Client Alert: U.S. Department of Labor Raises the Minimum Salary Level for Overtime Exemptions

On September 24, 2019, the U.S. Department of Labor (“DOL”) finally unveiled its long-awaited final rule under the Fair Labor Standards Act (“FLSA”) which officially will increase the minimum salary level for the “white collar” exemptions applicable to executive, administrative and professional employees.  For some context, the minimum salary level was last increased 15 years ago, and the potential modification of the thresholds has been the subject of heated debate politically and within the business community over the last several years.  Under this DOL final rule, which takes effect January 1, 2020, the minimum salary level officially will increase from $23,660 (or $455 per week) to $35,568 (or $684 per week).

In light of the looming January 1, 2020 compliance deadline, employers should immediately audit their workforce and pay practices, in order to assess whether any employee who is currently classified as exempt might fall below the new salary minimum.  If there is risk of misclassification of segments of the employee population as a result of the increased threshold, employers must assess whether to increase the affected employees’ salaries to satisfy the new minimum level, re-classify those employees as non-exempt and thus eligible for overtime compensation (i.e. for any hours worked beyond 40 in a workweek), or make some other adjustment to the pay practices to account for the new requirements.  When analyzing these issues, employers also should be mindful of related business considerations, including the impact of employee-classification changes on employee morale, timekeeping practices and training, payroll administration, and other such operational concerns.

The Long and Winding Road to This Point

Many employers have been following this issue closely for several years now, since the DOL under the Obama Administration failed in its 2016 attempt to raise the minimum salary level to $47,476 (or $913 per week).  That previous DOL proposal was challenged in court by 21 states, and it ultimately was invalidated and enjoined in November 2016 by a federal judge in Texas.  Although the Texas court ruling was appealed, that appeal effectively had been held in abeyance while the DOL under the Trump Administration engaged in further rulemaking.  As a result, the 2004 minimum salary level test has remained in place.

Following the invalidation of the DOL’s 2016 Rule and President Trump’s election, the DOL moved fairly slowly in reviewing the minimum salary level and proposing changes.  Employers anxiously have been awaiting final action by the DOL, which now has finally arrived.  Commentators and practitioners anticipated that the DOL would increase the minimum salary level to somewhere roughly in the middle of the current/2004 salary-level of $23,660 and the 2016 proposal of a $47,476 salary level.  The DOL has done precisely that by splitting the difference between those two amounts and increasing the minimum salary level to $35,568.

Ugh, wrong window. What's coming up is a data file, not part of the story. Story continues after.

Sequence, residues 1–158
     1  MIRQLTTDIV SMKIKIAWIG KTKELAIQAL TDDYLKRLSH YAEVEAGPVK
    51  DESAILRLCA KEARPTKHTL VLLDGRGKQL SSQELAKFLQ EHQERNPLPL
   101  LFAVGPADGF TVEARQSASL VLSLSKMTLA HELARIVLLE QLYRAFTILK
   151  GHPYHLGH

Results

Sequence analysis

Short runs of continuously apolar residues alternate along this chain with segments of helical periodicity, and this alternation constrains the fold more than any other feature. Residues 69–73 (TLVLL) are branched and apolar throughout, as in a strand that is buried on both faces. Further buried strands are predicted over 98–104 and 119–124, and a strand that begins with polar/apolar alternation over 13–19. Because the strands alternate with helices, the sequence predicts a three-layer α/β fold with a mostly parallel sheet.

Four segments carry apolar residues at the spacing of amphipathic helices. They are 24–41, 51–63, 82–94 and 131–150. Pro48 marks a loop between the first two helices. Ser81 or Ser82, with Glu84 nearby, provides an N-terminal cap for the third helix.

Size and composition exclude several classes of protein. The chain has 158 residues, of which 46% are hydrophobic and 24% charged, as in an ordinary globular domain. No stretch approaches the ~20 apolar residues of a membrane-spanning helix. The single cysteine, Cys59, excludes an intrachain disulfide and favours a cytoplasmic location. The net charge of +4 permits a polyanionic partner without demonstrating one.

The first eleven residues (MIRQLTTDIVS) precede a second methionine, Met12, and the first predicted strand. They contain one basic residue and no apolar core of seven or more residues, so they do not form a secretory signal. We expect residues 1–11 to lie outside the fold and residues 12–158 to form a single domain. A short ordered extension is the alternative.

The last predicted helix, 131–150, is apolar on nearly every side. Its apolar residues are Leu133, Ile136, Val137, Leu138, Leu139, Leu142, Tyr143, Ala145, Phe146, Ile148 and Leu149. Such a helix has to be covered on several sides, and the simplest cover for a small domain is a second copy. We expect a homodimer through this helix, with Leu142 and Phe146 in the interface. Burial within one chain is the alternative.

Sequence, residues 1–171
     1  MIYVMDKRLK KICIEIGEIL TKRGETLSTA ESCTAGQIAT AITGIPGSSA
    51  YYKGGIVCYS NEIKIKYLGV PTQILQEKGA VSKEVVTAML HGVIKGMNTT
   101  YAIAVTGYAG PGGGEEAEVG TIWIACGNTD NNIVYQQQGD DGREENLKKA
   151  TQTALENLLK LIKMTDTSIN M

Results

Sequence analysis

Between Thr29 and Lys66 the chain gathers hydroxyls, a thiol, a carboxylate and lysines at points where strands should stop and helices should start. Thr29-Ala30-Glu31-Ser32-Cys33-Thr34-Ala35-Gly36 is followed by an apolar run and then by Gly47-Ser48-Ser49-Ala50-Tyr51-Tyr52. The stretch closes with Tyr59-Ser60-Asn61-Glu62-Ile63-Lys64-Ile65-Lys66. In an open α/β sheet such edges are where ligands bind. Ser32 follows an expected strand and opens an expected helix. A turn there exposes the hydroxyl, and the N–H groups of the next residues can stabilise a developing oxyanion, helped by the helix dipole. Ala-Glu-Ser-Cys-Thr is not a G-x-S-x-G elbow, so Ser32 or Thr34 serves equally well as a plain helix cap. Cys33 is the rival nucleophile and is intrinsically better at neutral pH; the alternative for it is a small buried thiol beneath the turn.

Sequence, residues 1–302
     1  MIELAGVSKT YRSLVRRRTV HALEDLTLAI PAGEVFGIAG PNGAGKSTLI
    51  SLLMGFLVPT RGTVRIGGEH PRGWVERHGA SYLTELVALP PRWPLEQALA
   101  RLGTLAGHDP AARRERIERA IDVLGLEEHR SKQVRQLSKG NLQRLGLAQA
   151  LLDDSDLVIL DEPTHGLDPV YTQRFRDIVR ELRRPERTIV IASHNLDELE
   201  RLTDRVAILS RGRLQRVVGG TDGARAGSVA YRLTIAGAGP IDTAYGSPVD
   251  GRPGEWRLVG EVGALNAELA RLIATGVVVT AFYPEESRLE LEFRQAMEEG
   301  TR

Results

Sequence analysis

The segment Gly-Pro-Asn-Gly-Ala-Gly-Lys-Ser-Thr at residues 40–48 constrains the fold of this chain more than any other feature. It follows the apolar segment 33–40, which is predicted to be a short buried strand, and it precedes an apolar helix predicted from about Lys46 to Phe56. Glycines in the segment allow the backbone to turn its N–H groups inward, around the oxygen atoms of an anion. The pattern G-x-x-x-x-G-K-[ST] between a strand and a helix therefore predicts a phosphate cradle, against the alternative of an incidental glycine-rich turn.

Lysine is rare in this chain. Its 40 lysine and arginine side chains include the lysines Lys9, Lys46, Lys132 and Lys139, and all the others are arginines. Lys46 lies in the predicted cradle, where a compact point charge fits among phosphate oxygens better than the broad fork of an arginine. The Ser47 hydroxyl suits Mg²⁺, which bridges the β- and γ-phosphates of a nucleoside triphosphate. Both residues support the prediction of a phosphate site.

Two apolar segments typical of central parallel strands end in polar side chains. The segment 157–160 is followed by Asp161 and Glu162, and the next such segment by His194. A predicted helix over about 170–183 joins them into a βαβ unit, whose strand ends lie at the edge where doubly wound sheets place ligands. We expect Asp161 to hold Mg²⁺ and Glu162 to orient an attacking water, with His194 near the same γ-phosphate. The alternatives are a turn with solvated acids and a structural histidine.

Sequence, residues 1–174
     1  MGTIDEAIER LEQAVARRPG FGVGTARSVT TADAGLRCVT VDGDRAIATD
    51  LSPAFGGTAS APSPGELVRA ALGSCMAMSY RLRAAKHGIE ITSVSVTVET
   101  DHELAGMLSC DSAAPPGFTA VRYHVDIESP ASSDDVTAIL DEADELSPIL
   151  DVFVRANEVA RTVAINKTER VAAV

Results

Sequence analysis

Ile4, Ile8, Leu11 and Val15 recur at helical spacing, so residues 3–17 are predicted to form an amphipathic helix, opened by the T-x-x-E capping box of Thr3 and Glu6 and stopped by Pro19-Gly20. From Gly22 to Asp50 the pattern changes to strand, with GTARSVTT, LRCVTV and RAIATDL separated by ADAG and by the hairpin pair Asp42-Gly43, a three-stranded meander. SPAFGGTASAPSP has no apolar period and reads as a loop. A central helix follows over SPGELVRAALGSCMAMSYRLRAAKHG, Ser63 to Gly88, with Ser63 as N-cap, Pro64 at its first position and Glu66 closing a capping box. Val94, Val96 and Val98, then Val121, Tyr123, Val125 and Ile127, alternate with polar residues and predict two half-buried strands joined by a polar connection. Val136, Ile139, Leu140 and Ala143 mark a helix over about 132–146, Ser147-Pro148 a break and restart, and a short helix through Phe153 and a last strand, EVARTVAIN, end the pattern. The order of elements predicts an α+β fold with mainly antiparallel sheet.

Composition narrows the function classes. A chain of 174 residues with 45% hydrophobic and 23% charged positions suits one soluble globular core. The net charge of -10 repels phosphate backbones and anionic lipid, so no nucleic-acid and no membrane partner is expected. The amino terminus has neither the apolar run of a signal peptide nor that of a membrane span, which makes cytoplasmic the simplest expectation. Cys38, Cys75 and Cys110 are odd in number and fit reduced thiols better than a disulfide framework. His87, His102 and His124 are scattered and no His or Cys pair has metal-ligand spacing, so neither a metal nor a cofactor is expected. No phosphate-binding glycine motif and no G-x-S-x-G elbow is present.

Details of the DOL’s Final Rule

As an overarching matter, the FLSA sets federal minimum wage and overtime pay requirements for most employees, with the exception of qualifying executive, administrative and professional employees who are exempt from such overtime mandates.  For decades now, the DOL’s regulations have required that three tests all be met for the so-called “white collar” FLSA exemptions to apply:  (1) payment on a salary basis; (2) payment of a minimum salary level; and (3) job duties involving executive, administrative and professional duties, as defined by the regulations.  Under the DOL’s Final Rule:

  • The job duties tests remain unchanged.
  • The minimum salary level is increased from $23,660 to $35,568, as noted above.  However, unlike with the now-superseded 2016 Rule, this $35,568 figure is not subject to future automatic increases by a self-triggering process.  Instead, any increases must be implemented through future rulemaking by the DOL. 
  • Employers may use nondiscretionary bonuses and incentive payments (including commissions) that are paid at least annually to satisfy up to 10% of the minimum salary level.
  • The minimum total annual compensation for the special rule for “highly compensated” employees is increased from $100,000 to $107,432.  According to the DOL, this compensation level represents the earnings of the 80th percentile of full-time salaried workers nationally

The DOL estimates that 1.2 million additional workers will be entitled to overtime pay as a result of the increase to the minimum salary level, and that 101,000 additional workers will be entitled to overtime pay as a result of the increase to the “highly compensated” total compensation minimum.

The Final Rule (which is 245 pages long), the DOL’s press release, a fact sheet, FAQs, and additional information are available on the DOL’s website.

Employer Takeaways

Many employers actually may feel a sense of relief about the DOL’s Final Rule, since the new minimum salary level of $35,568 is significantly less than the 2016 proposal of $47,476.  However, employers must act swiftly to ensure they have sufficient time to analyze how the Final Rule will impact their workforce and make any necessary changes prior to the January 1, 2020 effective date.  When doing so, employers are strongly encouraged to consult with their employment counsel and to assess job classifications, pay practices, and other areas of pay-related concern under the complex provisions of the FLSA.

If you have any questions concerning this rule change, do not hesitate to contact Bill Tarnow, David Weldon, or any other member of Neal Gerber Eisenberg’s Labor & Employment group.